The present study examined the views of students with varying physical disabilities on disability culture in a post-Americans with Disability Act society. Qualitative, participatory research methods were used to observe approximately 30 disabled students and conduct in-depth interviews with four disabled students. The main objective was initially to answer the following question: Do disabled students recognize an identifiable disability culture at that particular university, and if so, what does it look like? While the sheer presence of disabled students does not automatically equate to a robust disability culture, it became apparent that there was a disability culture at this site, and therefore the research question was refined to: What are the features of disability culture according to this population? The participants were all students at an institute of higher education in the Midwestern United States. The researcher self-identifies as having a disability. Using in vivo coding for analysis to preserve the voices of the participants themselves, the results indicated that there was a disability culture and the key values defining this culture included independence, social justice, and giving back to others. (Author abstract)

  • Individual Author: Salisbury, Sarah
    Reference Type: Conference Paper
    Year: 2017

    This PowerPoint presentation from the 2017 NAWRS workshop summarizes the important role that transportation plays, the goals of achieving full community integration, and the challenges with transportation in the current environment.

    This PowerPoint presentation from the 2017 NAWRS workshop summarizes the important role that transportation plays, the goals of achieving full community integration, and the challenges with transportation in the current environment.

  • Individual Author: Poe-Yamagata, Eileen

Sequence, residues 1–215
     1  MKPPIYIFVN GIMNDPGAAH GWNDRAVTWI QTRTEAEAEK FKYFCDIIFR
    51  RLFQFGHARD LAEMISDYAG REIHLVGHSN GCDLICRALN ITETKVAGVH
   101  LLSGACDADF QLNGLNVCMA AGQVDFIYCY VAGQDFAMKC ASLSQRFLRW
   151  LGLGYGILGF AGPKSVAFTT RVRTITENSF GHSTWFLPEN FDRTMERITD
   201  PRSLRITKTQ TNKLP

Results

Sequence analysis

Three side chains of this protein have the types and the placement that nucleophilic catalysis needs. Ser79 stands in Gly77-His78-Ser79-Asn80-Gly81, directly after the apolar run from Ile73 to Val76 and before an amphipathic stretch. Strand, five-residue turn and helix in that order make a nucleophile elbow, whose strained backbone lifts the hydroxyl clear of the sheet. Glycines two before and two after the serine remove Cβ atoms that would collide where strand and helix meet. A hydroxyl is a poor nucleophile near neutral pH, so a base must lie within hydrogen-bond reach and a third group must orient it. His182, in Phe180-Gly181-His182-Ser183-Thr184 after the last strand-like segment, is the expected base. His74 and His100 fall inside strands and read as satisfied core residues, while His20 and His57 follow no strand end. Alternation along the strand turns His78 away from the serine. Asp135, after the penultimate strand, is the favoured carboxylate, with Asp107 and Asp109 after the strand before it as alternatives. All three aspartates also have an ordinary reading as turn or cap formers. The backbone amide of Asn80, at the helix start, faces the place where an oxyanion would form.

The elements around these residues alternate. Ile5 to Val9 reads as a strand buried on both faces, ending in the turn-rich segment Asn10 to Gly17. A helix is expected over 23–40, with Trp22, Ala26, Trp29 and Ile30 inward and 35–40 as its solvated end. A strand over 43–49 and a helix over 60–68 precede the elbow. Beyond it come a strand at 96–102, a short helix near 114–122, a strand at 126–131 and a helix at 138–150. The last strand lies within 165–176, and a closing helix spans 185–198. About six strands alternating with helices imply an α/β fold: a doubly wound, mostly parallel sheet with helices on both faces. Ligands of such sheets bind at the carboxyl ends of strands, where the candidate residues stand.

Reference Type: Conference Paper
    Year: 2017

    This presentation was given during the 2017 NAWRS conference. Topics include determining if American Job Centers (AJCs) are accessible to people with disabilities, how accessibility varies across three domains (physical, communication, and programmatic), and how accessibility varies by characteristics of the AJCs. 

    This presentation was given during the 2017 NAWRS conference. Topics include determining if American Job Centers (AJCs) are accessible to people with disabilities, how accessibility varies across three domains (physical, communication, and programmatic), and how accessibility varies by characteristics of the AJCs. 

  • Individual Author: Miller, Rachel; Sevak, Purvi; Honeycutt, Todd
    Reference Type: Report
    Year: 2017

    This brief illustrates how state vocational rehabilitation (VR) agencies can use performance management tools and processes to leverage their data systems to improve their programs. VR agencies play an important role in delivering services to transition-aged youth with disabilities who are preparing to move into employment or postsecondary education. VR agencies collect, or can obtain, large amounts of data on client services and outcomes—data that can go largely underutilized. As agencies try to improve outcomes for youth clients, performance management tools can use these data to track existing outcomes and can inform program and policy changes to serve clients better. These tools are especially important, given the emphasis on performance measurement and evidence-based best practices by the Workforce Innovation and Opportunity Act (WIOA) and organizations like the National Technical Assistance Center on Transition. (Author abstract) 

    This brief illustrates how state vocational rehabilitation (VR) agencies can use performance management tools and processes to leverage their data systems to improve their programs. VR agencies play an important role in delivering services to transition-aged youth with disabilities who are preparing to move into employment or postsecondary education. VR agencies collect, or can obtain, large amounts of data on client services and outcomes—data that can go largely underutilized. As agencies try to improve outcomes for youth clients, performance management tools can use these data to track existing outcomes and can inform program and policy changes to serve clients better. These tools are especially important, given the emphasis on performance measurement and evidence-based best practices by the Workforce Innovation and Opportunity Act (WIOA) and organizations like the National Technical Assistance Center on Transition. (Author abstract)